Net Loss

Although experts predict that the future will be dominated by a television-Internet hybrid, the boldest experiment to date in merging the two has stalled. On Monday, MSNBC—the love child of NBC and Microsoft—announced that approximately 50 employees, or 20 per cent of MSNBC's Internet staff, would be zapped mostly from its Redmond, Washington-based office.

Word of the falling ax leaked last week when, fittingly enough, one of the affected employees accidentally received a piece of e-mail that referred to the pending doom.

MSNBC was launched in July 1996, with a five-year commitment and an agreement that each media giant would invest $200 million. But the path thus far has been rocky; a Monday story in the Seattle Times quoted MSNBC sources who said that MSNBC's Web site portion "is drawing far less advertising revenue than expected."

MSNBC spokeperson Debby Fry Wilson confirmed Monday that MSNBC was cutting staff, but she insisted that the majority were "freelancers and consultants" recently brought on board to redesign the MSNBC Web site. "Only three full-time employees are being let go," Wilson claimed, "because of increased efficiency in newsgathering." By this she meant that someone at NBC would now be handling the job.

According to Wilson, MSNBC's "baseline" employment level is 200, and the company brought on additional temporary employees whose contracts have now come up. Many people at MSNBC—including Wilson herself—work on three-month temporary contracts with no guarantee of renewal.

Wilson insisted no more cuts are planned, but under this reign of uncertainty, even remaining employees fear more are coming. "I'm rewriting my résumé right now," an MSNBC employee said last week.

As of Monday, it did not appear that MSNBC's cable end, which operates out of New Jersey, would be affected. Still, the numbers there are less than encouraging. While MSNBC experiences occasional breakthrough moments, the average audience at any given moment—as the New York Times magazine noted earlier this year—is less than 30,000 people, a minuscule figure even by cable standards.

Oops—No Runoff!

How is it that the local media so missed the possibility that there would be no runoff following the Democratic primary?

"That's a totally legitimate question," said New York Times reporter Adam Nagourney, who implied that Board of Elections officials misled the press. "I've really been upset about it. After this year, I'm never going to trust the Board of Elections again. But who do you go to? It's the old problem of authority. If there's a murder, you go to the police; if there's an election, you go the Board of Elections."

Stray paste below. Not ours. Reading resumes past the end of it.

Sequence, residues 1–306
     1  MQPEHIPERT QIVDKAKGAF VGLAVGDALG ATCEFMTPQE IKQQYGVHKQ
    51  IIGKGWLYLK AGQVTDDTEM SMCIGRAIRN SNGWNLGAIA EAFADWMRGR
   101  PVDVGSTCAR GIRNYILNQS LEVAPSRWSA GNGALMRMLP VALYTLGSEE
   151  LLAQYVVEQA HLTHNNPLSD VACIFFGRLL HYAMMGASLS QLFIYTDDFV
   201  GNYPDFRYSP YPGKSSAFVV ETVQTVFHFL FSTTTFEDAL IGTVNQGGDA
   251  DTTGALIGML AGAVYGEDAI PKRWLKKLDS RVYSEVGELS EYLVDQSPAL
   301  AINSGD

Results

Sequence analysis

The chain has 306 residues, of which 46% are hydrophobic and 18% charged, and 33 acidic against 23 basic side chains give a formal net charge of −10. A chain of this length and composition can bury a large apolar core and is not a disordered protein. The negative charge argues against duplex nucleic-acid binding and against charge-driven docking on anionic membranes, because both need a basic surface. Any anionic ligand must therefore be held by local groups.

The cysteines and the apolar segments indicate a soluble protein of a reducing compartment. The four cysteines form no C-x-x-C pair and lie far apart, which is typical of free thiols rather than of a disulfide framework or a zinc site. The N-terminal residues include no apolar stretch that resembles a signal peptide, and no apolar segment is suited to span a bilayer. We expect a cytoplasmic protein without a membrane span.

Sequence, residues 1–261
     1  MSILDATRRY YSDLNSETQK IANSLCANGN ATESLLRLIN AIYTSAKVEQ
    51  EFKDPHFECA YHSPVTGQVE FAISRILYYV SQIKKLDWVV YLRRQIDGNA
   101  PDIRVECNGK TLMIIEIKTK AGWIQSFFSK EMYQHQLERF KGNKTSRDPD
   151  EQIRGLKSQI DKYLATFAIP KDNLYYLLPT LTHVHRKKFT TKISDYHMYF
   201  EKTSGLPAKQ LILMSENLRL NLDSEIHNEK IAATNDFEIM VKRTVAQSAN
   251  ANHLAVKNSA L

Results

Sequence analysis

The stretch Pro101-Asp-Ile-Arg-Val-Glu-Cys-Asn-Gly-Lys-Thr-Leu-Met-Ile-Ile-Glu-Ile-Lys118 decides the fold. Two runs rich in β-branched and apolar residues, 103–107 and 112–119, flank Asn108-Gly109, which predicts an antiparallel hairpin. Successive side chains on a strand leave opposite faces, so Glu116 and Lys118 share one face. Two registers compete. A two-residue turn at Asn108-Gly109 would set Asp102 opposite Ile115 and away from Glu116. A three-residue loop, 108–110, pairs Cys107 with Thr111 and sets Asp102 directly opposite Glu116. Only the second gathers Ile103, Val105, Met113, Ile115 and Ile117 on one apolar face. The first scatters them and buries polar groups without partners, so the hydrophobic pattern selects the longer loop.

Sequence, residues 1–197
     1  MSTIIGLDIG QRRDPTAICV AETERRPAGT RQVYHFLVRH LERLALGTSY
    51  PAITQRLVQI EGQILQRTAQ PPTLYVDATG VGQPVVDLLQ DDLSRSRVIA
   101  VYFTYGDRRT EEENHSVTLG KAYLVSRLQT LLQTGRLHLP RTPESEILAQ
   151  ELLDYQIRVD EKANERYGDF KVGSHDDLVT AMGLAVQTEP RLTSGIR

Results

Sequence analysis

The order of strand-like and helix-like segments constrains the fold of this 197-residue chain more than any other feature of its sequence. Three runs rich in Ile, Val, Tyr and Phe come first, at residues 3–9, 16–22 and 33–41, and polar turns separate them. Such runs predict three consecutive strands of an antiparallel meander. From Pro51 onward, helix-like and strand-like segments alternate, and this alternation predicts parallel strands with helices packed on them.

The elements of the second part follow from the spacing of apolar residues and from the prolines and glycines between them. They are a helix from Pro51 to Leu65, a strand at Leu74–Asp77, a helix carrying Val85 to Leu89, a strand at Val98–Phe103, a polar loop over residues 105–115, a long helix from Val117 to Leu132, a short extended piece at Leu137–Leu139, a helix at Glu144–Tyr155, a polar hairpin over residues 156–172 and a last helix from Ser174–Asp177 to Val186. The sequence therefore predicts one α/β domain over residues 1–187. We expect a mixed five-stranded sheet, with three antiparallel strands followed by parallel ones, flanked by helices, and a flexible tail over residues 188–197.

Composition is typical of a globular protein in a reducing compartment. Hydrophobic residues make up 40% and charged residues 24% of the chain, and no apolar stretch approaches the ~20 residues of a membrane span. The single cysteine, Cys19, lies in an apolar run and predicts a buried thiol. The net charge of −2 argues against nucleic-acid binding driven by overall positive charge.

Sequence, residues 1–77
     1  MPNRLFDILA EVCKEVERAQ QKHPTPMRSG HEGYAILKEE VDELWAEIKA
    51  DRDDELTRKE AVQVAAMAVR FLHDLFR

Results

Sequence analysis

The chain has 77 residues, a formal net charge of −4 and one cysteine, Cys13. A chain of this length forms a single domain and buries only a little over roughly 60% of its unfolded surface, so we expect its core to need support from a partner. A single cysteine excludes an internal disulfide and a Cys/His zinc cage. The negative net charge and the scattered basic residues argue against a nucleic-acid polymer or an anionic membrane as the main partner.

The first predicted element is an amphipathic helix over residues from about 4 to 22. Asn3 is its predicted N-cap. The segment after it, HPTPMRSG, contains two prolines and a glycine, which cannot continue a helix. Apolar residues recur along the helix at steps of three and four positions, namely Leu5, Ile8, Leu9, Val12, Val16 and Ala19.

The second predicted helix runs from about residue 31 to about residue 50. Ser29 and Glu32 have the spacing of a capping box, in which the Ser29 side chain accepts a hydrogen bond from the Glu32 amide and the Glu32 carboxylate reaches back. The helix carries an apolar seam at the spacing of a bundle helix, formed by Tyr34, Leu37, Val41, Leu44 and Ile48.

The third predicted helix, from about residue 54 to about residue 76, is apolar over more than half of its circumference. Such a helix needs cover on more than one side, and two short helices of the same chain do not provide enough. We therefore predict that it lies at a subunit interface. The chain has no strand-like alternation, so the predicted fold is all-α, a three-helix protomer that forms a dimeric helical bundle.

In Sunday's Times, columnist Bob Herbert accused Board of Elections spokeswoman Naomi Bernstein of engaging in "revisionist fantasies" by claiming that she told reporters on primary night that the election was "too close to call."

Other journalists covering the race confirm Herbert's assessment. Look at the Daily News, which had it right for 24 hours. On Wednesday September 10, the day after the primary, the News's Joel Siegel wrote, "Barring a change when absentee ballots are counted, Messinger and Sharpton will duel one-on-one for two weeks."

But by the next day, the News—like everyone else—had been spun, asserting that "Daniel DeFrancesco, executive director of the Board of Elections, said the official tally next week is not likely to preclude a runoff." Being misled by government officials, however, is an occupational hazard that reporters are supposed to avoid. At any rate, Juan Gonzalez's Monday News column, which detailed strange irregularities in the Police Department vote tallies, suggests there's more reporting to be done on this primary.

In other campaign news, the Campaign Finance Board (CFB) fine against the Giuliani campaign gave the New York Post an ideal opportunity to display its double standard for political reporting. In 1993, when the city Campaign Finance Board fined David Dinkins's campaign $320,000 for overspending in that year's virtually nonexistent Democratic primary, the Post blared the headline across page two: DAVE'S CAMP FINED 320G FOR PRIMARY ERROR. The lead quote in that story was from a Giuliani aide, who condemned the Dinkins campaign's "growing pattern of lawlessness."

Fast forward to last week: the CFB charged the Giuliani campaign $220,000 for allowing 138 donors to exceed the legal limit for contributions—and the Post hid it on page 20. Coincidentally, the first quote in that story, too, came from the Giuliani camp; nothing from his foes. The Post is also the only daily that, as of our Monday deadline, has failed to write an editorial chastising the mayor for violating the law. If Clinton had broken the same law, you'd be able to wallpaper the Post newsroom in editorials calling for an independent counsel to send somebody to jail.

None of the media wanted to dig too deeply into the peculiar events at the CFB last week. On the day that the CFB voted to fine Giuliani, the mayor's office tried to make sure that a Giuliani appointee, Joseph Erazo, was there, even though he had yet to be cleared by the city Department of Investigation (DOI). Miraculously, DOI came through later that day with a letter clearing Erazo, which New York 1 and all the dailies noted.

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